The history of American sport is marked by seminal dates. In 1930 Bobby Jones won the calendar Grand Slam. In 1936, Jesse Owens quietened the Berlin Olympics with his four golds. In 1992, the Dream Team dominated in Barcelona and promoted the NBA to new heights.
Among all of those dates and achievements of the 20th century though, there is one that may be the most significant of all.
On June 23rd 1972, Title IX of the Education Amendments prohibited sex discrimination in any education program or activity receiving federal financial assistance. As of August 2021, that meant approximately 17,600 local school districts and more than 5,000 postsecondary institutions across all fifty states, the District of Columbia, and US territories. It may have come in the same year as Bobby Fischer’s victory over Boris Spassky, but if you had to choose the more enduringly important occasion, Title IX would win by checkmate in two.
For those in the know, Title IX needs no explaining. It is a transcendent moment not just in American law, but in American history. For those less familiar with the tale, it is one well worth relating.
America in 1972 was eight years on from the Civil Rights Act of 1964 and the parallel Title VI law which prohibited discrimination by race, color and national origin within federally funded private and public bodies. Staggering as it may be to 21st century ears, there was no mention of sex. It astonished many at the time too. Under pressure to make a correction, the Lyndon Johnson administration issued an executive order in 1967, but, with examples of discrimination still plaguing the higher education sector, it wasn’t until five years later that Title IX was born to enshrine the protections more closely.
It is one of the great ironies that despite not mentioning athletic endeavor explicitly, Title IX would become as much if not even more associated with sport than with any other area of education. That it did is partly due to a failed attempt in 1974 by Senator John Tower to exempt revenue producing sports from Title IX, a move that was rejected by a congress then nudged into action to codify sport into the act.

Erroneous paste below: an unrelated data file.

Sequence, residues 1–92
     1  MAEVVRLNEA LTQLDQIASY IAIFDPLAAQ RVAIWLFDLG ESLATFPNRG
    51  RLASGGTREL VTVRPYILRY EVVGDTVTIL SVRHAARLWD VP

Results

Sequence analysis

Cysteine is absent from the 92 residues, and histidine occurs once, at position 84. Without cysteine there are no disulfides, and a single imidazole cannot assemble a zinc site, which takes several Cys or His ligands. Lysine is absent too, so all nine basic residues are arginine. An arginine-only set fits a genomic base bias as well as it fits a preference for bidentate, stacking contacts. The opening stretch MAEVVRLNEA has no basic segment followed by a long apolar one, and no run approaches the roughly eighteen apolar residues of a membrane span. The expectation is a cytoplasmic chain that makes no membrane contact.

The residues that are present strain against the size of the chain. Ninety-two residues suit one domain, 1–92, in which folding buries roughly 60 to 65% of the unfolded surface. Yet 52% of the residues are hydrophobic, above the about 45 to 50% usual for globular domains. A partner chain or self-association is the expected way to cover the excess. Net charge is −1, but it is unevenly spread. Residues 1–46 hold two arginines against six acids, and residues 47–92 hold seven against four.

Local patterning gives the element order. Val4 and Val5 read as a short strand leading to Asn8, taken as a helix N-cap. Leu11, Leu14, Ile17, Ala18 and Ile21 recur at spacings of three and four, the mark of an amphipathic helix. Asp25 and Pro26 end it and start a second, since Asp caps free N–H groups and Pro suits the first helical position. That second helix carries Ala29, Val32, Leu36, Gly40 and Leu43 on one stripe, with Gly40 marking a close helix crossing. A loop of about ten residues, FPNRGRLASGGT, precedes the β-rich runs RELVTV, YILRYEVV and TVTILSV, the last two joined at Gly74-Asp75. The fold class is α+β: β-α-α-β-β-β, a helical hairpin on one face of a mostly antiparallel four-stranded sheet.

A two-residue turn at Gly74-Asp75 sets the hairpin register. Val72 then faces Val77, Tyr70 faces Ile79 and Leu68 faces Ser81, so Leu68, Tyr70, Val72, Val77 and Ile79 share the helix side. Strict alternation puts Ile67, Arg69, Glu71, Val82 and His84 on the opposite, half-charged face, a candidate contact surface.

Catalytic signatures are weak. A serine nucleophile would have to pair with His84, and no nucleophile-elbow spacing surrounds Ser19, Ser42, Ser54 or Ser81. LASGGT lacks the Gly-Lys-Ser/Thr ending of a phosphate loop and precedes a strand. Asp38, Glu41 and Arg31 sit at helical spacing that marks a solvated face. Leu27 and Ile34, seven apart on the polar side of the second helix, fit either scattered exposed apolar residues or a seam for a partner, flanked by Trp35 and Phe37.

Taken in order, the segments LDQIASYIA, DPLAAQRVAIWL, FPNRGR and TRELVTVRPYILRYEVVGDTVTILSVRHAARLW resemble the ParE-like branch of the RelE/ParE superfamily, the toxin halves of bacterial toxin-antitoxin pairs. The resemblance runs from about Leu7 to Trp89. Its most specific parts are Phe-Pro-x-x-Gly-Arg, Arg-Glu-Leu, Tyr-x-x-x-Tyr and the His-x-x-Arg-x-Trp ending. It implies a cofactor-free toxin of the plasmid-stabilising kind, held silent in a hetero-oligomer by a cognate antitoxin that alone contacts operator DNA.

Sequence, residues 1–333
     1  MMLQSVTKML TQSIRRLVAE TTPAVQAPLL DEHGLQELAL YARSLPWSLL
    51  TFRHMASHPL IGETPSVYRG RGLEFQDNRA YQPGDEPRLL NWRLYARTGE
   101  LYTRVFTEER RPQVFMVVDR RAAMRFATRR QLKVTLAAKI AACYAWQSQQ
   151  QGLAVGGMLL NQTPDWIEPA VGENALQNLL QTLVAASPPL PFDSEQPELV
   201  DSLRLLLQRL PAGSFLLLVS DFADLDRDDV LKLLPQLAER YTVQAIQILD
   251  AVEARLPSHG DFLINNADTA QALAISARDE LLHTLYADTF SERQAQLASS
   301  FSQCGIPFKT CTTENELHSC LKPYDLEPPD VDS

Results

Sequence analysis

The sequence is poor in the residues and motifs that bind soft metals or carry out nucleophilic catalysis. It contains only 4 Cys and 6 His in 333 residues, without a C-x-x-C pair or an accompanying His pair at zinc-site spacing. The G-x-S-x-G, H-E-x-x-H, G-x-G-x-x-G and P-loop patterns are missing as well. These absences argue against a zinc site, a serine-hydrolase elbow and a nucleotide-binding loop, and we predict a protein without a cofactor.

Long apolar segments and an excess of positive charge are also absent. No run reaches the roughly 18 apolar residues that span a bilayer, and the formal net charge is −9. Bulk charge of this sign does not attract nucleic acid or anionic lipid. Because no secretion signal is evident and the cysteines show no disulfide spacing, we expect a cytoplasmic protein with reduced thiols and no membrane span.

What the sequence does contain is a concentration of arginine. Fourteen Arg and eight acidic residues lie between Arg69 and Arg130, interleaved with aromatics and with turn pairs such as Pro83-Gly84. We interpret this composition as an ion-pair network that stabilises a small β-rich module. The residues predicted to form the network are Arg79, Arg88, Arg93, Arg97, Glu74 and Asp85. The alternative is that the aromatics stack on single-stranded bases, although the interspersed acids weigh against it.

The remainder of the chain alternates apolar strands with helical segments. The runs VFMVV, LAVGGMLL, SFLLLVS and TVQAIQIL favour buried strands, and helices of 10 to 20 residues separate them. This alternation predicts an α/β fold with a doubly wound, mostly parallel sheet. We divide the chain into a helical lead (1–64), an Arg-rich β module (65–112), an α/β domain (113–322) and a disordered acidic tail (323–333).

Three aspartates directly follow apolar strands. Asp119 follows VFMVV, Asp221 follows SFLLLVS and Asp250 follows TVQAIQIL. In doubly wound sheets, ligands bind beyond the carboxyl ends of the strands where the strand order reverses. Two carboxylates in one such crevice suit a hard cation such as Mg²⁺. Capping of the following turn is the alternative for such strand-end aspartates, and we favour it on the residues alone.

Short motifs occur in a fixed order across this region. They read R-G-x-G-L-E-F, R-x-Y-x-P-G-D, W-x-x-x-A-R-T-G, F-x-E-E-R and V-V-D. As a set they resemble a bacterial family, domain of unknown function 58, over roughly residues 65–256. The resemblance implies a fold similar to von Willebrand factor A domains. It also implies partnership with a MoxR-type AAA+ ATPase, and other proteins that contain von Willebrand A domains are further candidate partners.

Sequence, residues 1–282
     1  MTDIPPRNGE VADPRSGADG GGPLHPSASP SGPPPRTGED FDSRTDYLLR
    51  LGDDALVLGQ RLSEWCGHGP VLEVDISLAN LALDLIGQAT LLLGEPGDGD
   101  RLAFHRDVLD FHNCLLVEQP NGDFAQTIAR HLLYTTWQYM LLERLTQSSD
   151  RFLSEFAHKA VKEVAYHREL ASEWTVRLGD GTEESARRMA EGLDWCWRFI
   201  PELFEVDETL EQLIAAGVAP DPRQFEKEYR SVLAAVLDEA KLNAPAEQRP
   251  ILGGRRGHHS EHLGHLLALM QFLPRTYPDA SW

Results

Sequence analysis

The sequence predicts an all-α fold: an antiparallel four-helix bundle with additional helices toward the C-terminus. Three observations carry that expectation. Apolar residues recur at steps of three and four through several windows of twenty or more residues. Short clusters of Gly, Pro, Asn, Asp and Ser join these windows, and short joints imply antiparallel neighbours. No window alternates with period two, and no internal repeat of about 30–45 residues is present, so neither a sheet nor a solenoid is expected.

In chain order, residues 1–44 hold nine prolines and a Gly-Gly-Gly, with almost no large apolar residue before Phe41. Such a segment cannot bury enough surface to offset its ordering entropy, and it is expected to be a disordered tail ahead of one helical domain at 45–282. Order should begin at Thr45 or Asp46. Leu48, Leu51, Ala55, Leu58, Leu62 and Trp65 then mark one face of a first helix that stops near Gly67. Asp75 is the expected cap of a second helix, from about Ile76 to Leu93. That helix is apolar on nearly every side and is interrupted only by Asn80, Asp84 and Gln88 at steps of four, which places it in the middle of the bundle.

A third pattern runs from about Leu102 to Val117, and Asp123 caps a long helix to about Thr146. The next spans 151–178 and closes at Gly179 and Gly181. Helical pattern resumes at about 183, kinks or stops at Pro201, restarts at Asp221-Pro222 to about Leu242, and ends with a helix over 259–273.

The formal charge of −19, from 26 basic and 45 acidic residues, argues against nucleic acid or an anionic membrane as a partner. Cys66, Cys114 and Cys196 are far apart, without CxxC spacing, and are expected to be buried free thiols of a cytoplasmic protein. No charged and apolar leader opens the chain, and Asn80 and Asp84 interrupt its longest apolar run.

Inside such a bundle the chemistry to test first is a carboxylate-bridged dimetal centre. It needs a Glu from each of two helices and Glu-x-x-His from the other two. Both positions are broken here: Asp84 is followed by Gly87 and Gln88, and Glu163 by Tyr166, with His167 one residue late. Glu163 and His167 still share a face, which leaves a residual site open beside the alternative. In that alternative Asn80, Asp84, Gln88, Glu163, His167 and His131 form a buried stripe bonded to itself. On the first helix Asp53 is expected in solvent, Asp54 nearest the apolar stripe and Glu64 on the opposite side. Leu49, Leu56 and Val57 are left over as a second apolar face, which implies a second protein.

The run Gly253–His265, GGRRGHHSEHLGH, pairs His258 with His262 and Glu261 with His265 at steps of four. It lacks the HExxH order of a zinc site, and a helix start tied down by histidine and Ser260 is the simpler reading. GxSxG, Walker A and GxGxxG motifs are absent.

Title IX meant that if a schools or college wanted to offer a men’s team in a given sport, it either had to allow girls to play on the teams or it had to provide an equivalent program for girls to play.
And, despite some quibbling over what exactly equivalent meant – softball for example is considered an equivalent to baseball – its practical impact was huge, with ramifications sprawling into the present. At a stroke of a presidential pen, girls gained exposure to sports that had traditionally been men only. Women’s leagues like the WNBA may never have been born without the move. In 2021, viewing figures for the WNBA finals were 23% higher than the previous year and 42% up on 2019, with regular season coverage generating nearly 50% more interest than in 2020. As interest in the league rises, it is doing so at the same time as participation.
When Title IX was written into law only 7% of varsity athletes at high school level in America were female. Since Title IX, girls’ participation in school and college sport has skyrocketed, standing today at 49% if Tackle Football is excluded (Source NFHS)